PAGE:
This new wine of Jesus is the wine spoken of by the prophet Amos—the mountains dripping sweet wine, the hills flowing with it (Amos 9:13). This wine comes from the Divine Vintner who raises up the fallen tent of David, who repairs and rebuilds His people, who makes them His Church that will stand for all eternity. It’s the wine that Isaiah also proclaimed—the Lord making a feast on His mountain, a feast of rich, fatty food and well-aged, well-refined wine (Is. 25:6-8). You see, on that same mountain God Himself would feast on something completely different: He would swallow up death forever.

The new wine that appeared suddenly and miraculously at Cana of Galilee is the wine of new life and resurrection for you and for me.

Ah, but it’s not yet Jesus’ “hour” when He confronts those empty jars and that embarrassing void of wedding wine. Yet Jesus still gives a prelude, a preview, a teaser trailer of what He actually came to do. Those empty wine cups? Those empty water jars? He would fill them. And in filling them, He would fill the people who drank from them. He would fill them not only with savory fruit of the vine, but also and especially with His saving life.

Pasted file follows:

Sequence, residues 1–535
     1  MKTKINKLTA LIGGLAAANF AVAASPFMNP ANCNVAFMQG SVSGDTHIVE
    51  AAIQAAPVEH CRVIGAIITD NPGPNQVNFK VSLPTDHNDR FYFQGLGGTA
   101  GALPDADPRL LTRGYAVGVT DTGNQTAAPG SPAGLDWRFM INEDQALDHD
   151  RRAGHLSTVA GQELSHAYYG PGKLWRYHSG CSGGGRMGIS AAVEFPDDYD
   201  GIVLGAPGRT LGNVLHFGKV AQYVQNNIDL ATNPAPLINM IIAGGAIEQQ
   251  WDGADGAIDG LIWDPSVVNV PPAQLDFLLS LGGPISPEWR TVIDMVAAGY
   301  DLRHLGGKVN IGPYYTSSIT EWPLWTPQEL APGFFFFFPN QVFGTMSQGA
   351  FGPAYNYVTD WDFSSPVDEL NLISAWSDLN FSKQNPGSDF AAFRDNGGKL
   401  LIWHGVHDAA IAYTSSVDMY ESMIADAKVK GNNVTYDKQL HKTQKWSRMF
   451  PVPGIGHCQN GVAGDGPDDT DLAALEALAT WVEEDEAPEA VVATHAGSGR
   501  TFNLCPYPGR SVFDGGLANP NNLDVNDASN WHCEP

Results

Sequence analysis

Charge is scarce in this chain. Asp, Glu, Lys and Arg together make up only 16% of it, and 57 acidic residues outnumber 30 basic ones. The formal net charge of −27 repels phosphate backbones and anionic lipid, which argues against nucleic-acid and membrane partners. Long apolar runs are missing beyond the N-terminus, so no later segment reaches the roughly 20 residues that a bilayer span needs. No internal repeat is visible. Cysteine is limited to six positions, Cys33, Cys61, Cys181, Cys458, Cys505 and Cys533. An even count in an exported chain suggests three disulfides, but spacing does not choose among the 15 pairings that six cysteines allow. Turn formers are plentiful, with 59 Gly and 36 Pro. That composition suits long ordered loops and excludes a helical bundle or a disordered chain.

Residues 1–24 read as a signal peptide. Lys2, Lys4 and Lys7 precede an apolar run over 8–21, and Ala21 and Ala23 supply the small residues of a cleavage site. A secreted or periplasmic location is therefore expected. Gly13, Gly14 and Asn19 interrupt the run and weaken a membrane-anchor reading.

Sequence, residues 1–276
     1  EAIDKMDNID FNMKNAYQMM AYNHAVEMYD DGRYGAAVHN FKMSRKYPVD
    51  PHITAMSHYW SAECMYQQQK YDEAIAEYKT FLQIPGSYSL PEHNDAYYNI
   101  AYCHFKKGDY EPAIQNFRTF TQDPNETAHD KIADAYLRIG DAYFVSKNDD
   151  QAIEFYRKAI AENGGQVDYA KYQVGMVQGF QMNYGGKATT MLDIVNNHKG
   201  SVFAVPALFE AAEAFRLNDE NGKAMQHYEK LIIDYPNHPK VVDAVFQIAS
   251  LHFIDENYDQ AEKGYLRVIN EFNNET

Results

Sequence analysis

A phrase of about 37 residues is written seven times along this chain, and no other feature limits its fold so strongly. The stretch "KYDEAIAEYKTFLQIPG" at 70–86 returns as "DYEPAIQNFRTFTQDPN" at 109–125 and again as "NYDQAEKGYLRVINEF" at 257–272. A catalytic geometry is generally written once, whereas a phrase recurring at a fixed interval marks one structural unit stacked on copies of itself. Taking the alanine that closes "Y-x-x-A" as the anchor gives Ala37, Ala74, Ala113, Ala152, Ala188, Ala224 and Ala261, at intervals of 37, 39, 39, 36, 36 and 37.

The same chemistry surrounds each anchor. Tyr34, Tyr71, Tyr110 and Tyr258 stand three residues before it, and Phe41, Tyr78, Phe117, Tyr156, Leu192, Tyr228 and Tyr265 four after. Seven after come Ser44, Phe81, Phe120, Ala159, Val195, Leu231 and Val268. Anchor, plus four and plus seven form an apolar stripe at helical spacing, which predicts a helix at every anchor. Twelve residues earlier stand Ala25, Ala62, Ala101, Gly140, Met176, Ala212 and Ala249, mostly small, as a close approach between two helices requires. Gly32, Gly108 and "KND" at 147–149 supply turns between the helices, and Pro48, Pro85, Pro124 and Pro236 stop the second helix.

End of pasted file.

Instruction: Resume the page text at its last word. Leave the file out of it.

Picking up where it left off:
Jesus is no mere bartender rushing in to rescue a wedding party on the brink of collapse. He has a bigger and better purpose. He comes to rescue the whole human race—people like you and me; people including you and me—from their emptiness of God’s goodness. When His “hour” does come—on the cross—He will drink the bitter cup of God’s wrath and judgment. He will be the laughingstock of all around Him, even spurned by His closest friends. He will suffer the shame and humiliation of a cross. He will swallow up death forever. But in drinking that bitter cup, He will ensure that we can taste and see that the Lord is good. He will make death itself void and bare. He will give us the sweet joy of the Lord. That’s the sweet wine delivered at Cana. It’s also the sweet wine delivered here at this altar today.

Your Lord Jesus comes to fill your emptiness. We live in a world that has so much stuff, such overloaded schedules, such a plethora of things and people and activities for filling our lives. And still we are empty on the inside. Some try to fill the emptiness with the old wine, or old booze, of this fallen world. Some try to fill the emptiness with the fruits of the sexual revolution—free sex with whomever you wish, without all the so-called constraints of one man-one woman marriage for life. Some try to fill the emptiness with the meaning of “likes” or “follows” or viral videos on social media. For those who fill themselves with the booze, the numbness eventually wears off and the emptiness remains. For those who fill themselves with the sexual conquests du jour, they still sense the emptiness of commitment and real love. For those who get their meaning from clicks and likes, well, we know how quickly things change in Internet land.